TB infection control measures need to be implemented urgently in high-burden countries, which could have important global implications. First of all, there is a clear need a rapid and useful tool to identify TB infection including both active and latent TB accurately. In China, TST has low specificity due to mandatory BCG vaccination, and also low sensitivity especially in immunosuppressed (i.e. HIV-1 infection) population. The recently available M. tuberculosis antigen-specific IFNGRA thus represents a significant advancement in the field of TB diagnostics. Studies confirmed that IFNGRA was more sensitive and specific than TST and independent of CD4+ T cell count in moderate to advanced HIV infected humans. Furthermore, the results could be generated by T-SPOT.TB assay within 24 hours, which was more rapid than TST with 48–72 hours. Although T-SPOT.TB assay was more sensitive than TST, the positive rate of T-SPOT.TB assay was decreased to only 44.4% in HIV patients with CD4+ T cells <200/μl, comparing 74.2% and 67.9% in HIV patients with CD4+ T cells >500/μl and 200–500/μl, respectively. Therefore, in severely immunosuppressed individuals, IFNGRA may be impaired by T-cell anergy [20-22].

There are mutiple factors that may affect IFNGRA, such as TB treatment and immunosuppression status. Chee et al concluded that anti-TB treatment had different effect on T-cell response to ESAT-6 and CFP-10 as measured by T-SPOT.TB [23]. Wilkins et al found that preventive treatment of LTBI resulted in 1.8 fold average increase in the number of IFN-γ-producing T cells within 26 ± 4 days, followed by a decrease by the end of the treatment period (82 ± 6 days) [3]. Therefore, we hypothesized that T-SPOT.TB could serve as an effective indicator of the TB therapeutic efficacy. In our study, patients in HIV+ATB group were classified into subgroups according to different treatment durations: <1 mo, 1–3 mo and >3 mo. We found that there was a decreasing tendency of positive T-SPOT.TB assay with increasing treatment duration. Unfortunately, the difference did not appear to be statistically significant, perhaps due to the insufficient number of the recruited subjects. Thus, a larger cohort study is needed to further determine this in the future study.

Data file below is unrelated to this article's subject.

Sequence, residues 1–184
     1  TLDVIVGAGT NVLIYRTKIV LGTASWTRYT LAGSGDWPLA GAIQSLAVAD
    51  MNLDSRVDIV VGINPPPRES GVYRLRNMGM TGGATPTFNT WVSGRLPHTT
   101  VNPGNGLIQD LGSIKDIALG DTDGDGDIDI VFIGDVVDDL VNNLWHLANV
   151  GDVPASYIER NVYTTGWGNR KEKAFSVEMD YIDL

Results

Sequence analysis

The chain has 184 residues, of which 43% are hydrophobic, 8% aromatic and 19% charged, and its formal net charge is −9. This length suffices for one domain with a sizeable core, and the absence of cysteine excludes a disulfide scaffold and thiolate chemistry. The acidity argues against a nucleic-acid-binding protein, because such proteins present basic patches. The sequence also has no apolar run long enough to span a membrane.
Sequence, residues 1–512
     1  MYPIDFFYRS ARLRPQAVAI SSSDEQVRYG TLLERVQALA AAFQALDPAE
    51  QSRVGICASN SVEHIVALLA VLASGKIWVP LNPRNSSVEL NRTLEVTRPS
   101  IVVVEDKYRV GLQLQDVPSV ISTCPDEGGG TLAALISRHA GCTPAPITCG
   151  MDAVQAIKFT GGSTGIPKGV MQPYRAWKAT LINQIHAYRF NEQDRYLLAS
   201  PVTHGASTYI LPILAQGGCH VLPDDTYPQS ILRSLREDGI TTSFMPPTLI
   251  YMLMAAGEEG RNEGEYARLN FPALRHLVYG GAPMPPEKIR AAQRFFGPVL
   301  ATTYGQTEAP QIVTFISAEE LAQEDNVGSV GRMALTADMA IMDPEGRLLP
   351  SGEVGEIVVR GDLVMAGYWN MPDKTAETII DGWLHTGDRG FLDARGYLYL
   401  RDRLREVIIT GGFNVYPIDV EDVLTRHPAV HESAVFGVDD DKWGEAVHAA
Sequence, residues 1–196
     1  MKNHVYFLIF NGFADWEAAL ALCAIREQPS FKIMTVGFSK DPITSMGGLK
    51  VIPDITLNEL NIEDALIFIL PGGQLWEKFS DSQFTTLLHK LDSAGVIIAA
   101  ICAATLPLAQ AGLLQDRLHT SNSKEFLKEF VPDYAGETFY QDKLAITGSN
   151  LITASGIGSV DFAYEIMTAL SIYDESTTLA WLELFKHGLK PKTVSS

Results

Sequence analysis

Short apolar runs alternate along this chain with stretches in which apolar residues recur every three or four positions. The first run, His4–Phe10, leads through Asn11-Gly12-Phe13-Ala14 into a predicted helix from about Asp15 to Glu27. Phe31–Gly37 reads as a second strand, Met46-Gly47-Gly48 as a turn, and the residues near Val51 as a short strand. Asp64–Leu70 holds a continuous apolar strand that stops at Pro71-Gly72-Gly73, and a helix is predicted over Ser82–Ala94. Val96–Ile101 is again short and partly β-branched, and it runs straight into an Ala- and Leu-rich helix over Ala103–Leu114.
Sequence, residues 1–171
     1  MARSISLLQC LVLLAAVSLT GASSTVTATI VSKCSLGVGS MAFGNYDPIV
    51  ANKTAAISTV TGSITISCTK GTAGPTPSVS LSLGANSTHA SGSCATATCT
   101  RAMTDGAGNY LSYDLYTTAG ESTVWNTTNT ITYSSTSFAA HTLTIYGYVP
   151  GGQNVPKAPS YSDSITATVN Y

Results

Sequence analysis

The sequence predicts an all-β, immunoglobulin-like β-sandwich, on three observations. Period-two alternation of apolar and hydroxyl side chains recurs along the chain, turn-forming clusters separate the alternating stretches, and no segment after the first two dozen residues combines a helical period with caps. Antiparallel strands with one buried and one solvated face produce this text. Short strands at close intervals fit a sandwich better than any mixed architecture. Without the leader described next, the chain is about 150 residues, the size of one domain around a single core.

To our knowledge, this is the first study in which T-SPOT.TB and TST were compared in ATB and LTB among HIV-infected humans in BCG-vaccinated area. Recently, Mandalakas and his colleagues have found that T-SPOT.TB may have improved sensitivity for detection of M. tuberculosis infection in HIV-infected individuals compared to the QTF and the TST [24]. However, their study was conducted in a setting highly endemic for TB in South Africa, but not in routinely BCG-vaccinated area. Therefore, the T-SPOT.TB assay appears more sensitive and specific for diagnosing both LTBI in HIV patients with history of BCG vaccination and with confirmed active TB in our study, indicating that the ELISPOT-based IFNGRA may be a better tool for screening tuberculosis infection in China as well as useful information for further implementation of LTBI preventive treatment.

Analysis in this study further confirmed that ELISPOT-based IFNGRA was much more sensitive in patients with lower CD4+ T cells level (<500/μl) than TST; T-SPOT.TB assay was independent of CD4+ T cell counts as well as history of BCG vaccination. Thus, it is evident that not only active TB but also latent TB could be identified successfully in HIV-infected people, providing solid basis to screen latent TB individuals for implementing TB preventive treatment.

Conclusion

In summary, ELISPOT-based IFNGRA is more sensitive and specific than TST for TB diagnosis in Chinese HIV-infected individuals and could be an effective tool for guiding preventive treatment with isoniazid in latently infected people and for TB control in China. A larger prospective cohort study is needed to further confirm our findings in the future.

Authors' contributions

WJ carried out the patient collection and clinical data analysis, participated in the tuberculin skin test and helped draft the manuscript. LS carried out the immunoassays, performed the statistical analysis and drafted the manuscript. WZ carried out the design of the study, performed the statistical analysis and helped draft the manuscript. YZ helped to draft the manuscript. XW participated in the design of the study. YX and YW participated in the patient collection and clinical data analysis. SZ, CM, LH and YW participated in the immunoassays and the statistical analysis. All authors read and approved the final manuscript.

Acknowledgements

Financial support. The present study was supported in part by the Key Technologies Research and Development Program for Infectious Diseases of China (2008ZX10103, 2008ZX10003011, 2008ZX10003003) and National Basic Research Program of China (973 Program 2005CB523102).

Potential conflicts of interest. All authors: no conflicts.